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Outbreaks hit Papua New Guinea

14th September 2009

Outbreaks of influenza, cholera, and diarrhoea in Papua New Guinea have killed more than 100 people and infected at least 5,000.

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The outbreaks, which began in August, have mainly affected the remote highlands of the country and parts of the northern coast, though they have also spread to the city of Lae, a regional capital.

Since some of the areas are so remote that they can only be reached on foot or by helicopter, health officials believe that the number of infected people may be higher than 5,000.

The number of confirmed cases of seasonal influenza is 4,600, with 56 deaths.

Of 274 confirmed cases of cholera, there have been 21 confirmed deaths, and 39 deaths from diarrhoea caused by the shigella bacteria.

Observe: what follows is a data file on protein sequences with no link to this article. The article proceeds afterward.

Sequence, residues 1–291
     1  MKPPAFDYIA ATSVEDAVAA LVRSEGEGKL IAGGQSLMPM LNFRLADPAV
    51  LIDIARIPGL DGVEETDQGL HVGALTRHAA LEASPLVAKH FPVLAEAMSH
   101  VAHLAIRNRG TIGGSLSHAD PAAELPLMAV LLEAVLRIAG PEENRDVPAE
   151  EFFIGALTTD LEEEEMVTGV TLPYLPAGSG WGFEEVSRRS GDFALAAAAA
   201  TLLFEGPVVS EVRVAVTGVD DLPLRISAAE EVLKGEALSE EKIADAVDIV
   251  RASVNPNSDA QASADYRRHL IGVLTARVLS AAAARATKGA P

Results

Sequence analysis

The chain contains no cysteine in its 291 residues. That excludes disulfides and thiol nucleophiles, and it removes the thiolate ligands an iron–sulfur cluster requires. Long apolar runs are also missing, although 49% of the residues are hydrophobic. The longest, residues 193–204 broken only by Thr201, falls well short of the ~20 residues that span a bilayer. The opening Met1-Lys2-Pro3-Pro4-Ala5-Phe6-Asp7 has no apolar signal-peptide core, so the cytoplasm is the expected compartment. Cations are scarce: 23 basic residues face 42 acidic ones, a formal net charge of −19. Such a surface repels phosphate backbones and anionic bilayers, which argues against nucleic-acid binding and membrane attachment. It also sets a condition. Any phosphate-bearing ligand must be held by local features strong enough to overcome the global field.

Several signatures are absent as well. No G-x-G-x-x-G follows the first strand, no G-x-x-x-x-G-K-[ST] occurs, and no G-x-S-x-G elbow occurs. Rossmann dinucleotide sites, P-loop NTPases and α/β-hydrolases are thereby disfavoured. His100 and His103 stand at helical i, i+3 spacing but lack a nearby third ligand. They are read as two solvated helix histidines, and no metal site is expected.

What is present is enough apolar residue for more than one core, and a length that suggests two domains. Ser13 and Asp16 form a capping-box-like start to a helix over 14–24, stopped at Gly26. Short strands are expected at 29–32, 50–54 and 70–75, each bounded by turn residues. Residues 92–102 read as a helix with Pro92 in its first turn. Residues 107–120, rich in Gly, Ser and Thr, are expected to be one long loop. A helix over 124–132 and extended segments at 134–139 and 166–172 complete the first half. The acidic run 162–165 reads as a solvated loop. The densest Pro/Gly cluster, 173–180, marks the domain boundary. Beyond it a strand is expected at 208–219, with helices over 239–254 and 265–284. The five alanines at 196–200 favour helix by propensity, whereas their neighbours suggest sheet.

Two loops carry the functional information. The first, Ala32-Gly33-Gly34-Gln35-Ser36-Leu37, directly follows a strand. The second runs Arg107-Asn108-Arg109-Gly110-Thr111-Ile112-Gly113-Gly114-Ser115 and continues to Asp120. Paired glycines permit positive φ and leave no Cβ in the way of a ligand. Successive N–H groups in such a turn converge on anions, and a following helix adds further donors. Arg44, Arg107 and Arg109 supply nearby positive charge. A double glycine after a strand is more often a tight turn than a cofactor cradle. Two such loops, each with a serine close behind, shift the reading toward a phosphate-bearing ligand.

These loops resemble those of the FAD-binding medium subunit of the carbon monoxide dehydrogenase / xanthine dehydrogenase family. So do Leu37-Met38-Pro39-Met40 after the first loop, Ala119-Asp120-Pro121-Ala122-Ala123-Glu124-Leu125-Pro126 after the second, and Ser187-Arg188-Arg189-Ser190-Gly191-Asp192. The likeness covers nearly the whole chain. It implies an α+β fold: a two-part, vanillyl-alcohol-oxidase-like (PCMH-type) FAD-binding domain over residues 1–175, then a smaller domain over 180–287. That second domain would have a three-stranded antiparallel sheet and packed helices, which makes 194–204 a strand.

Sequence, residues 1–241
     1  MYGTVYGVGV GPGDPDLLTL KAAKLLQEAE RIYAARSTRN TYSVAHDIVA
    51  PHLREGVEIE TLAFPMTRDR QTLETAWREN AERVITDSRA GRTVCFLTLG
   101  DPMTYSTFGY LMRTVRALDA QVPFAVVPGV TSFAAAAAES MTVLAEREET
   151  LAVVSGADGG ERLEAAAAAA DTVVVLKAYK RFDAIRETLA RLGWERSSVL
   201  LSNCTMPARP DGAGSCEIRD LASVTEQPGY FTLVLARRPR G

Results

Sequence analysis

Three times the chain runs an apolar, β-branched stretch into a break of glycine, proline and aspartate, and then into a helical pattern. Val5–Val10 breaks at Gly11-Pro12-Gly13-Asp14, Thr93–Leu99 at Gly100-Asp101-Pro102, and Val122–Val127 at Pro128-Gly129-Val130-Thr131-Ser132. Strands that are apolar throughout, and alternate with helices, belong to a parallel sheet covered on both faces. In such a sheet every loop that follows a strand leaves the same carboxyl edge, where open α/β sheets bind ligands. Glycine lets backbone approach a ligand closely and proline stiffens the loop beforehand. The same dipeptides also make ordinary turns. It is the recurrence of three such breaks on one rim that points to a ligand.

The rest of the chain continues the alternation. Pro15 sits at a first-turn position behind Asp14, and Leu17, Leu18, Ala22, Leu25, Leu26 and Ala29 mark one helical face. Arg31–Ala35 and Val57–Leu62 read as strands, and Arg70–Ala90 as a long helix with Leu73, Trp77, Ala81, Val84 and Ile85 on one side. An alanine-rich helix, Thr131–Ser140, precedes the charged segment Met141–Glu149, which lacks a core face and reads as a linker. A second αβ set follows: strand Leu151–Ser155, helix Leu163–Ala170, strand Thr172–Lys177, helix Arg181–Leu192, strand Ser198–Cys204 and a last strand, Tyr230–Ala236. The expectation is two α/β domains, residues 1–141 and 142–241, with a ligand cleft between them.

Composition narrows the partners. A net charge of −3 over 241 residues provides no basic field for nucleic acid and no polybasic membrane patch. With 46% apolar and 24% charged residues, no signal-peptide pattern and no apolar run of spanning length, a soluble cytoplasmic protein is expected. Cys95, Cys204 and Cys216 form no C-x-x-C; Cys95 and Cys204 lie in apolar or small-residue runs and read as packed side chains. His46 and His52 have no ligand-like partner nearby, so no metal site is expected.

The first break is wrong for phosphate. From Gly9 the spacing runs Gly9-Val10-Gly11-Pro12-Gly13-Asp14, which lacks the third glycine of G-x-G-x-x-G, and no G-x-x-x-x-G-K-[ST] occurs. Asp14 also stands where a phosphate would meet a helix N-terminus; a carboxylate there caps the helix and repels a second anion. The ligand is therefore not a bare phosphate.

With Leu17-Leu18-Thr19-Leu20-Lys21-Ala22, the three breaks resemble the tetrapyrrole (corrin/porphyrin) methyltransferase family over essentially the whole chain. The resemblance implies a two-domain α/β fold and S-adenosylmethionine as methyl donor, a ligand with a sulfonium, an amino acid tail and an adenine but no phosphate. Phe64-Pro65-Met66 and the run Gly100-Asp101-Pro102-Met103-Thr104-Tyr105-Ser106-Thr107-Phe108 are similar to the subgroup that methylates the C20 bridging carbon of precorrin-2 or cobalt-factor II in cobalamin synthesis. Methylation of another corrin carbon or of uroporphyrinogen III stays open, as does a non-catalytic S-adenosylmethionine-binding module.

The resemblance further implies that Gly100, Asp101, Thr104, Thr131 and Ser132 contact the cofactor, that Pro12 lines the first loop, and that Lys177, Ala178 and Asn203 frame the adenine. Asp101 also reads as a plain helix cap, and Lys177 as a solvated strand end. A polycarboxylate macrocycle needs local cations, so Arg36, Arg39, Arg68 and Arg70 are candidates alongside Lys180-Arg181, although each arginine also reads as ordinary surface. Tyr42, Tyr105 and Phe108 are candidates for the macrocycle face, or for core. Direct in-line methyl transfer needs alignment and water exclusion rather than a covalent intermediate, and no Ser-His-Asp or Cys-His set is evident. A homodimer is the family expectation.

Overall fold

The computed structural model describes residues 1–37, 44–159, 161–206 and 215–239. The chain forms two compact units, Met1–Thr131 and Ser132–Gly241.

Shigella is a bacteria similar in its effects to E coli.

It usually infects humans by the faecal-oral route, and ten bacterial cells can be enough to cause what is ultimately a medical emergency.

The cholera outbreak is thought to be the first of its kind in Papua New Guinea, and the strain causing the infections is common to Southeast Asia.

Vanessa Cramond, national medical director with aid agency Medecins Sans Frontieres (MSF), said that many cholera sufferers in Papua New Guinea find themselves ostracised and unable to take public transport to go to the doctor.

She said that most of the people in the country have no idea what cholera is and do not know how to respond to it.

Papua New Guinea is a country in Oceania, comprising the eastern half of the island of New Guinea as well as many offshore islands.

One of the most diverse countries on Earth, with over 850 indigenous languages and traditional societies, the majority of people there live in traditional societies outside urban centres.

Its diverse, uneven geography has made it difficult for the country to develop transport infrastructure. 

 

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